As the House begins drafting its version of the 2012 Farm Bill, we hope Congress will remember that the health and well-being of the millions of people who will be affected by any cuts to anti-hunger programs in the House Farm Bill are more important than numbers on the balance sheet.
Our nation’s economy is struggling to recover from the worst recession in decades, and families across America are still hurting. Unemployment remains just below 8 percent in Indiana. Many Hoosiers who were once comfortably middle class or managing to get by now turn to federal programs for help feeding their families.
The member food banks of Feeding Indiana’s Hungry see this firsthand every day with 16 percent of our neighbors, including 1 in 4 children, facing hunger. While our food banks provide 5.5 million pounds of food per month to clients in Indiana at food banks, pantries, and other programs, we could not meet the need without strong federal anti-hunger programs. Only 4 percent of food assistance is privately funded by charity in the United States.
We strongly oppose cuts to anti-hunger programs. With sustained high need for food assistance, food banks across the country are stretched thin, serving more people with less food. For example, food from the Emergency Food Assistance Program (TEFAP), which provides nearly 25% of the food our network distributes, has declined by more than 30 percent from fiscal year 2010 to fiscal year 2012.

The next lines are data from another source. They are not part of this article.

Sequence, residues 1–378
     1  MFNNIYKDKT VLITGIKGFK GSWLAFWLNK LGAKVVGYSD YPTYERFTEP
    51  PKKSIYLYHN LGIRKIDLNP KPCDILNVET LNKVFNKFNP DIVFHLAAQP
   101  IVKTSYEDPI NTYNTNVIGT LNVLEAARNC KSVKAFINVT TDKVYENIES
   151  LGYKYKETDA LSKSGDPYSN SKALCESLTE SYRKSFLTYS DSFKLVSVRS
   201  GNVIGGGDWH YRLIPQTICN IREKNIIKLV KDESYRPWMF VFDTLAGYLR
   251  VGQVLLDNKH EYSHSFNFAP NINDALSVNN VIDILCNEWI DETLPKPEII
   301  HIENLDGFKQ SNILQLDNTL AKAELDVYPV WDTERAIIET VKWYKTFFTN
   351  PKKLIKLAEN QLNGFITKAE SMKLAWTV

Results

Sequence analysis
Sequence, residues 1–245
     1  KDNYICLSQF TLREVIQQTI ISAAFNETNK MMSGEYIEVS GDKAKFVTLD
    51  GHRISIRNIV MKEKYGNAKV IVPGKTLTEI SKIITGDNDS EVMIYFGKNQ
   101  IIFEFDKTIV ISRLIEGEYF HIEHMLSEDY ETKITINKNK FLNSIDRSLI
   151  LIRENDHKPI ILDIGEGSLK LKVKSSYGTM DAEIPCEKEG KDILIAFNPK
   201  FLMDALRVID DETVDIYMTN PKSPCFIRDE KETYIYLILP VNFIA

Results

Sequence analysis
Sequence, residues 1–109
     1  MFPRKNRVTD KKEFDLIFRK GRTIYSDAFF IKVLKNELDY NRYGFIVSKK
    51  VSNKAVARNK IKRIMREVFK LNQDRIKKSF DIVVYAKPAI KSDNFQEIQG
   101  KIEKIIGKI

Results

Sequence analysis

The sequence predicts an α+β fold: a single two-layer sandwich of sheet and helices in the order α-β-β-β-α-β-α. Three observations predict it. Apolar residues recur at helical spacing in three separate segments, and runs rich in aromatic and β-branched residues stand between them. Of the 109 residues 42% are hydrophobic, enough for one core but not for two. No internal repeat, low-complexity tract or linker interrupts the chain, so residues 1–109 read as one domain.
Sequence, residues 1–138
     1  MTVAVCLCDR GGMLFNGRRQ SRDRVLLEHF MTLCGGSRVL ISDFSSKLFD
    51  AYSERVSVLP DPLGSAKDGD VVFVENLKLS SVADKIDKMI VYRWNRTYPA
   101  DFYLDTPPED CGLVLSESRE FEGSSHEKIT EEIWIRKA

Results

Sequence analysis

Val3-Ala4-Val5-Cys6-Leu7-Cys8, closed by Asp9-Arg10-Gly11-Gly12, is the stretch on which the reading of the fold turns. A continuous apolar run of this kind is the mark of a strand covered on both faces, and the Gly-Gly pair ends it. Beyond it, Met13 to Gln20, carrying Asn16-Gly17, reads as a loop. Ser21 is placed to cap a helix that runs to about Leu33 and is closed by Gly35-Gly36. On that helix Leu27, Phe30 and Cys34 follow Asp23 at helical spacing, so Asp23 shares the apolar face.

Our economy is slowly improving and unemployment is projected to remain high for some time. There is a long path ahead until jobs and opportunities are restored. In the meantime, we need to ensure that vulnerable families, children and seniors have access to three square meals a day.
As important as charity is, it cannot meet the need alone. Food banks like ours cannot fill the gap if SNAP (formerly known as Food Stamps) is cut. SNAP has responded quickly and effectively during the recession to help ensure that Hoosier families, children and seniors have enough to eat. Participants on average spend only 10 months on SNAP. 84 percent of SNAP benefits go to households with a child, elderly person or disabled person.
We ask Congress to oppose proposals that would reduce funding or impose harmful policy changes to hunger-relief programs like SNAP. Investing in hunger relief makes sense fiscally. Hunger increases health care costs, lowers worker productivity, harms children’s development and diminishes their educational performance – these are costs that we cannot afford.
We urge our leaders to work together to strengthen and protect anti-hunger programs like SNAP and TEFAP from budget cuts. Hunger is not a partisan issue. Helping our neighbors in need is one of our most important national values. The cuts to SNAP proposed by the House of Representatives would be devastating to charities like ours and to the clients we serve. Visit us at a member food bank to see the real faces of hunger, and meet Hoosiers whose lives will be affected by these decisions.